The event was positioning itself as the friendly, almost intimate gathering, where people could interact with each other rather than “just” watch the talks, and I think it was fulfilled 100%. Instead of having everyone in one Zoom call, there were many unique experiences along the way helping in learning about the other participants.
As a participant, every person answered a survey about what their interests are, what are they expecting to get from the event, and recorded a short video introducing themselves. Then, when the event actually started, you could watch some of the introductions assigned to you based on the same interests and similar answers to the survey questions.
After each one, you could request a connection to be made, and if both participants did this, the system was sending an automatic email, with useful info like the same answers to the survey, so you don’t have to check why you were connected in the first place. Later on during the day you could have a 1 on 1 sessions lasting a few minutes each with those people to actually talk with them, learn more, and make better connections.
The talks were also approached in a more interactive way: even though the videos were pre-recorded, the speakers were there in the chat to actually answer questions being raised while other participants were watching the presentations. This also helped to keep the schedule on time, since the organizers knew the exact times of the recordings, and as soon as one session was over, the next one could follow - with small delay to make sure noone’s lagging behind.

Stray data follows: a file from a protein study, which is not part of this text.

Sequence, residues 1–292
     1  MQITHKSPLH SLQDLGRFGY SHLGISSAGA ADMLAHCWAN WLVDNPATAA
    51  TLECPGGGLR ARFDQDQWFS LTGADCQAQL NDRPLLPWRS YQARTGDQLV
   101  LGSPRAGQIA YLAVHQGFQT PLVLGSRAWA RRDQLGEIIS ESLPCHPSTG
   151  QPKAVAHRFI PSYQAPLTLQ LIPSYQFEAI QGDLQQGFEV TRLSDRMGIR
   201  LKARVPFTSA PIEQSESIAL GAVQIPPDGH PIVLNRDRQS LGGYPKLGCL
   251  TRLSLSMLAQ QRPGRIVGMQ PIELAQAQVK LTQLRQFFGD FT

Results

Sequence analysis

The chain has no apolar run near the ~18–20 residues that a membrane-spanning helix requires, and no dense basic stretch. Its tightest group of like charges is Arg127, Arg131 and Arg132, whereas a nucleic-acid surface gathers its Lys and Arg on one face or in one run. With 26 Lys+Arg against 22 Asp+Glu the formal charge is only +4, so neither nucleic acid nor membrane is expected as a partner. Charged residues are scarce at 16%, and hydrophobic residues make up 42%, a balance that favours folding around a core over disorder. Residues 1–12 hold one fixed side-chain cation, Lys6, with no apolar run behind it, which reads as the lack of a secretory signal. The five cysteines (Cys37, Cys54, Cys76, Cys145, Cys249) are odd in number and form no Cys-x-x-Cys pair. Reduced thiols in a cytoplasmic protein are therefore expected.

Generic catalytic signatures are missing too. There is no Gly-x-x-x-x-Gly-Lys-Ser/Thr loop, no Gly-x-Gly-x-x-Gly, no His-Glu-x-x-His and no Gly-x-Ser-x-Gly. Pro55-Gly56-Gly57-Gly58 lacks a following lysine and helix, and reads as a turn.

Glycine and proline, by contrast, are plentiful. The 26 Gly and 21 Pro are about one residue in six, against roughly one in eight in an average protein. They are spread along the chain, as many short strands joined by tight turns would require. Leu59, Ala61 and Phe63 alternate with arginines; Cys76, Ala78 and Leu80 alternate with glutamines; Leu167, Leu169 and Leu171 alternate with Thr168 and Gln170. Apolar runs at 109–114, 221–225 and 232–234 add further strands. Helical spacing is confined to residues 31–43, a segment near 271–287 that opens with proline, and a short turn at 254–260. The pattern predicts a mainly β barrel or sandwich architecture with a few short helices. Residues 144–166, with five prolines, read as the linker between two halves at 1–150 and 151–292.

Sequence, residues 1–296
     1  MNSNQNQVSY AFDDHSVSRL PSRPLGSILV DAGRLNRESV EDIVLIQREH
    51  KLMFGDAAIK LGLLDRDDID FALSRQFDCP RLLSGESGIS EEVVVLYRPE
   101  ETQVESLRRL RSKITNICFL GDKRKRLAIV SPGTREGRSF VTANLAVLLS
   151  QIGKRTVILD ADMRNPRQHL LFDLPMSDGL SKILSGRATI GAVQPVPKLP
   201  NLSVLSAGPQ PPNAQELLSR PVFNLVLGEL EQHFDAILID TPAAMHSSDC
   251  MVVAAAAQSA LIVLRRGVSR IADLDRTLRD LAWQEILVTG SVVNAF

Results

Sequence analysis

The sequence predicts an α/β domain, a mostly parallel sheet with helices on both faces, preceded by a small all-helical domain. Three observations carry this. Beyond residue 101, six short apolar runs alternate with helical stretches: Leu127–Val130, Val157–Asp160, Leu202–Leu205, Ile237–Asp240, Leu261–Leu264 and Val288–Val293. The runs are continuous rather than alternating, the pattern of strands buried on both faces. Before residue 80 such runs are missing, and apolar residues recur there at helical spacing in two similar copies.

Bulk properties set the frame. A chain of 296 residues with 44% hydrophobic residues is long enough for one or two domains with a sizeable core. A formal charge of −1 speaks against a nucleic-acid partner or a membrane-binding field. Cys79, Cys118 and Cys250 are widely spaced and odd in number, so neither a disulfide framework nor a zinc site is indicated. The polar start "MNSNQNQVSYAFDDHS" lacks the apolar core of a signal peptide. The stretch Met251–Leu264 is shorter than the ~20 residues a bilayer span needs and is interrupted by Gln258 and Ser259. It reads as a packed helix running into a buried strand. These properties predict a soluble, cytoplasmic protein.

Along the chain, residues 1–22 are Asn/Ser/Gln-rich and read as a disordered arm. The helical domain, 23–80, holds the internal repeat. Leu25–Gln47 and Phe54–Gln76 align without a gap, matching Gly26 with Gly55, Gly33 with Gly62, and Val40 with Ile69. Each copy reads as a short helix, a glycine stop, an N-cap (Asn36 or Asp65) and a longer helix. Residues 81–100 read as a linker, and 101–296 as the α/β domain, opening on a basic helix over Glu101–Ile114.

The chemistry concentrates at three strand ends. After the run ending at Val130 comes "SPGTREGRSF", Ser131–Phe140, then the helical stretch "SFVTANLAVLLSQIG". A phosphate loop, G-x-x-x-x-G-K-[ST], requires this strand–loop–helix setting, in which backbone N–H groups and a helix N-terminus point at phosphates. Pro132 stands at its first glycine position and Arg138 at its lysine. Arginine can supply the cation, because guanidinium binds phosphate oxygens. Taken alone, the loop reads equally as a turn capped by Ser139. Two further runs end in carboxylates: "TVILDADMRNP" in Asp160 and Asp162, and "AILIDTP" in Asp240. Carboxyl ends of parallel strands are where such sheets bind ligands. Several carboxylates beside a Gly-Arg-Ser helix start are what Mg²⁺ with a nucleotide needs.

We had a fireside chat with Douglas Rushkoff, Stefan Thomas (CEO of Coil) talked about the attention economy, Yuriy Dybskiy (CEO of Puma Browser) did a showcase of micropayments in action, we were able to listen to some live music from Crystal Quartez, had a bunch of cool lightning talks (including Grant for the Web folks), and then even more interesting presentations, including Abishek Chadha going through the loot boxes concept in the NiftyCrates project, Jonathan Toomin talking about the capabilities and limitations for on-chain microtransactions using BitcoinCash, and many more. After breakout sessions and wrapping up, there was an optional post-event hangout in Mozilla Hubs.
You can watch my talk on YouTube, but keep in mind I’m about to upgrade my super old Audio/Video setup, so the quality of the recording is not the best, sorry about that.
It was a very positive and enjoyable, unique online experience - the direct interactions between participants and the breakout sessions really helped make up for the casual discussions people usually have between talks during the live, on-site event. I’m really happy I was able to participate, and give a talk at the Future of MicroPayments.
Watch the full video stream if you’d like to check all the presentations. From what I heard the organizers are considering doing more such events in the next few months, so keep your eye on this if it’s something that interests you!